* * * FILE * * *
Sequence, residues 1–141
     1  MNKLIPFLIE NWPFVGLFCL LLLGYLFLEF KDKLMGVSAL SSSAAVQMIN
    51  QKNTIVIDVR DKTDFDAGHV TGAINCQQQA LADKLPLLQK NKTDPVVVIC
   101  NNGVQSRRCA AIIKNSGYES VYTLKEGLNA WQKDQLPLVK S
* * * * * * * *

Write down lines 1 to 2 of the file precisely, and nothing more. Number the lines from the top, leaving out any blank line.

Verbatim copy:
Sequence, residues 1–141
     1  MNKLIPFLIE NWPFVGLFCL LLLGYLFLEF KDKLMGVSAL SSSAAVQMIN